Amid bumblebees pasted on the walls and the cheers of dozens of proud parents, students from schools all throughout Harlem’s District 5 competed in the first ever superintendent’s spelling bee, held at Riverbank State Park last week.
The two-day event allowed students in grades one through five to compete on day one and those in grades six through eight to compete on day two. Community School District 5 Superintendent Gale Reeves stressed the importance of academic competitions such as the bee for Harlem students of all ages.
“Though abbreviated spelling through text and email communication are rampant in our children’s lives, spelling among academic and professional forums is still necessary,” said Reeves. “Students need to be able to meet the challenge of future career and academic goals, being well-equipped in their reading, writing and spelling abilities.”
The students in District 5 who took part in the competition June 4 and June 6 began preparations in early May, competing in individual school spelling bees to determine which students would be sent to the district-wide event. The committee responsible for hosting the event revealed that the bee, which will become an annual event, is a great way for students to engage in challenging, but friendly, academic competitions while also improving their oratorical skills and overall confidence.
All student participants received a gold medal, and the first, second and third place winners were awarded trophies. The very first winner of the bee was first grader Corey Cid from P.S. 36. “[I’m] very excited, very happy, very proud, filled with joy, but [we] worked very hard so I’m not surprised,” said his mom, Jennifer Martinez. She, like several other parents who attended the bee, was grateful that a Harlem school district recognized the need for academic competitions such as spelling bees for children in local school districts.
Janet Stewart, the teacher of third grade winner Kadiatu Bah from P.S. 200, helped to inspire her students and revealed how excited they were to learn that they would have an opportunity to compete in a spelling bee. “When they mentioned [having a bee] to my school, I let [my students] watch ‘Akeelah and the Bee,’ so they were very motivated,” she said. “Even those students who are not [the best] spellers, after watching that, they wanted to be in it.”
She expressed hope at the news that the bee is only the first in what will become an annual event. “I do hope they keep it up,” she said. “I’m just wondering what took them so long to realize that there are so many different talents in the schools.”
Reeves remains optimistic that future winners will be able to participate in the Scripps National Spelling Bee, and this does not appear to be far-fetched, as students as young as 6 years old revealed that they are willing to work hard to prepare. Second grade runner-up Brian Cespedes, from Thurgood Marshall Lower Academy, explained that he studied with his friends, family and teacher during the week leading up to the bee.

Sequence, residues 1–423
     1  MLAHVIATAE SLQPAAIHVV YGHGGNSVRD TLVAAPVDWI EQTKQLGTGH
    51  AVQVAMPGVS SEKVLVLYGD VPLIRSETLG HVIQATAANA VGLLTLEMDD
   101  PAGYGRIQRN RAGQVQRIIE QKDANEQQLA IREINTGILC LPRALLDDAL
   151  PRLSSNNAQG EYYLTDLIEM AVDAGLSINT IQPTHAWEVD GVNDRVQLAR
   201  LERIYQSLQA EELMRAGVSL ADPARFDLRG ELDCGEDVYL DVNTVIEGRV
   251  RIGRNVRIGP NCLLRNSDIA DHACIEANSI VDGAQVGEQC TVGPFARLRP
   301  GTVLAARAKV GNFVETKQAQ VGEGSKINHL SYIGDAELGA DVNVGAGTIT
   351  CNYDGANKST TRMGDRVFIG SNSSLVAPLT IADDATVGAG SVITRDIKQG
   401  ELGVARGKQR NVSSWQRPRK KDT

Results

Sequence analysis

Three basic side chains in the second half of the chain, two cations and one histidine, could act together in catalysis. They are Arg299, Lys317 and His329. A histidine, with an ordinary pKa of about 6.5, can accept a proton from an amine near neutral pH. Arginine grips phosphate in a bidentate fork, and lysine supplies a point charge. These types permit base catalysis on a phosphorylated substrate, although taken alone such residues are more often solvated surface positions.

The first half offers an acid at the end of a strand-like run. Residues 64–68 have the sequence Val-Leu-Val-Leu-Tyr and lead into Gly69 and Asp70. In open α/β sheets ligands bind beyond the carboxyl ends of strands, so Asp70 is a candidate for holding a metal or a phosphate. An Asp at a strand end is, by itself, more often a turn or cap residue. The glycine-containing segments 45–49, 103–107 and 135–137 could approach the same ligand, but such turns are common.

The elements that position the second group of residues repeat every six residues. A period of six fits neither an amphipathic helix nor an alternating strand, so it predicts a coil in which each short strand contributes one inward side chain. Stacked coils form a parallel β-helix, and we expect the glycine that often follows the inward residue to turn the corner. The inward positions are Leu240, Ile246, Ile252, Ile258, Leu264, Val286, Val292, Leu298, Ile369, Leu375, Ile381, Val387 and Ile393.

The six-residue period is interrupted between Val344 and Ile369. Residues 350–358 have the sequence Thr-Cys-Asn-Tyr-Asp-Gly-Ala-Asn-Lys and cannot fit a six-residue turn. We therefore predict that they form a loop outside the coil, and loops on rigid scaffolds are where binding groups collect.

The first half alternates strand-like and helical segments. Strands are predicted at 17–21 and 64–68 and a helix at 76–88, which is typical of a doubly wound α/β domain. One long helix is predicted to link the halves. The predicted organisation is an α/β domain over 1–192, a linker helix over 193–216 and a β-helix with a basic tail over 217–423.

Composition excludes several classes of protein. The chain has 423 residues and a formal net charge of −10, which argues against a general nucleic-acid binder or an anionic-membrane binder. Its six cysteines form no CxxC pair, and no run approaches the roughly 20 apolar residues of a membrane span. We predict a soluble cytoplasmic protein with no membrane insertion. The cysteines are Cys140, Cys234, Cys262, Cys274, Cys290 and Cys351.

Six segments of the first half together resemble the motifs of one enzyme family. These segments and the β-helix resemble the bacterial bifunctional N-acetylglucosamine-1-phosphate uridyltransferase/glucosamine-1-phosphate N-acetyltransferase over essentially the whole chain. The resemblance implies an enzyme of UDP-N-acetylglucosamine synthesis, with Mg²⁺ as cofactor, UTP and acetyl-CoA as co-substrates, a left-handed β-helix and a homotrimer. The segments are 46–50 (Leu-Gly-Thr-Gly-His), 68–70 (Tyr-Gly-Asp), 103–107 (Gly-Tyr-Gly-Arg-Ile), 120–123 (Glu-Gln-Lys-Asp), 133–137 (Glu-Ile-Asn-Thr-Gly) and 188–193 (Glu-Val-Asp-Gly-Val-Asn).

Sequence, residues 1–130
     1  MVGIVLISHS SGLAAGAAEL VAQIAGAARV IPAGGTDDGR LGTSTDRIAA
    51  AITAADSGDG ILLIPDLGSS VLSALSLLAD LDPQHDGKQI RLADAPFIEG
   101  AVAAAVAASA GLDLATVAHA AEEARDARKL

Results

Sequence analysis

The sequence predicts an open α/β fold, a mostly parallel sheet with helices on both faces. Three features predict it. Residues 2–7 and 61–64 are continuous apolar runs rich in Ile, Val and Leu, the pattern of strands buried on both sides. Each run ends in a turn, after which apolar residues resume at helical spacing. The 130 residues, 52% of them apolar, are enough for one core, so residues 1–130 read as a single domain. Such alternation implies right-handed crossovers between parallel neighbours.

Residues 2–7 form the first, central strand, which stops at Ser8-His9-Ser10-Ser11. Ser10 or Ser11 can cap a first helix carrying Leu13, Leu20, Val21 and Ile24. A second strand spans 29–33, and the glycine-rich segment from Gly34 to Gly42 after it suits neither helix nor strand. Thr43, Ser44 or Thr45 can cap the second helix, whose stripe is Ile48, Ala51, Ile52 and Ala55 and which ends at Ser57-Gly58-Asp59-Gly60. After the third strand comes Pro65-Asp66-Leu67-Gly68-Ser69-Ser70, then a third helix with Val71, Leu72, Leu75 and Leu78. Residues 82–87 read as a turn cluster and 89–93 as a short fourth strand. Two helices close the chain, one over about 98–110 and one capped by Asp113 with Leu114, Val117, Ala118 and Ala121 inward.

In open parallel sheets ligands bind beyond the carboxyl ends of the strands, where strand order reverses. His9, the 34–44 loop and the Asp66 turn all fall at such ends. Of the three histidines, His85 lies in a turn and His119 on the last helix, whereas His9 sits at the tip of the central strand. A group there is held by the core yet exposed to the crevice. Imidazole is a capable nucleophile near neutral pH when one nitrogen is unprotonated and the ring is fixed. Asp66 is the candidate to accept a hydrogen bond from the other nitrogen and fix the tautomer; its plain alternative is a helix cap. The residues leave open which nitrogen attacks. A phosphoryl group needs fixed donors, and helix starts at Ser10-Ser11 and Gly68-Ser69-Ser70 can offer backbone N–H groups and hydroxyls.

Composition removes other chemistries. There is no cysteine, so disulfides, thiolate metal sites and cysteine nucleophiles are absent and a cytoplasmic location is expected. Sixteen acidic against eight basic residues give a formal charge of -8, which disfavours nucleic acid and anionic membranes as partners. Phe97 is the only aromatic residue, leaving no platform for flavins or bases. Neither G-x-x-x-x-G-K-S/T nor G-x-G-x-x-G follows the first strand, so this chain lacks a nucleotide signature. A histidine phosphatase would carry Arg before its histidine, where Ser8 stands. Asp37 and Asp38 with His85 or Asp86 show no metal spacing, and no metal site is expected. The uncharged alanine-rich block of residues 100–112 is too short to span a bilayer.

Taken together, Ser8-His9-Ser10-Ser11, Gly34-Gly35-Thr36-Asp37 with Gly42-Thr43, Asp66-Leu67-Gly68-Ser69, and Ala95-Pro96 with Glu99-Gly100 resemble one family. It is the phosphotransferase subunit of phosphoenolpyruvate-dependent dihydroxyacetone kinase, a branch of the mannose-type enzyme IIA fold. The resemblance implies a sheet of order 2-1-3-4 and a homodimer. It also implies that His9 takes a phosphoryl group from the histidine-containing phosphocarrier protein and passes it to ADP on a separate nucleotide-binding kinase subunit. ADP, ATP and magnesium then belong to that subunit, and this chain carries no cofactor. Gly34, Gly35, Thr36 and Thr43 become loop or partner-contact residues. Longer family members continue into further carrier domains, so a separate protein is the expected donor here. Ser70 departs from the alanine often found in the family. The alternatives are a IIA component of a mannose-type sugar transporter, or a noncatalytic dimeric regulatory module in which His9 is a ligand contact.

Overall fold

Fourth-grader Zsuriah Harvin, from P.S 154, though initially nervous, was only a little bothered by not winning the competition. “Each day I studied for like 30 minutes with my sister, [so] I’m kinda upset because I didn’t get a chance to win because they gave words I didn’t know, [but] otherwise I just feel good.”
Despite the inevitable disappointment of not winning, most parents and children were just thrilled to be able to participate. Albert Sloh, the proud father of fourth grade runner-up Alyeada Sloh, was more than adamant about the fact that the bee was not about who went home with the trophy, but the experience and the academic stimulation.
The students were quizzed on words such as agitated, hemisphere, caption, intricate, discrepancy and silo by lively, welcoming judges, including former City Council Member Robert Jackson; Kofi A. Boateng, PhD, executive director of West Harlem Development Corporation; Audrey O’Keefe of Standard and Poors–McGraw-Hill Financial; Audrey Gaul, New York education chair, NAACP; and Anthony Harmon, executive director, UFT.
The spelling bee is one of many positive initiatives geared toward stimulating the minds and improving the educational opportunities for Harlem students. Riverbank State Park officials have recognized the necessity for such events and allowed the use of the park’s Cultural Center for the bee.
“We are excited to be part of such a positive event for the community and for the school children of District 5,” said Scott Matson, operations director and acting deputy regional manager for the park. “Students, faculty and parents came to Riverbank in May to partake in ‘I Love My Park Day,’ an annuaal statewide cleanup event, and we’re delighted to deepen our relationship with the school district by partnering for the spelling bee.”
Though the sentiment is commendable, most parents would agree with Sloh. “It’s a step in the right direction, [but] it’s overdue.”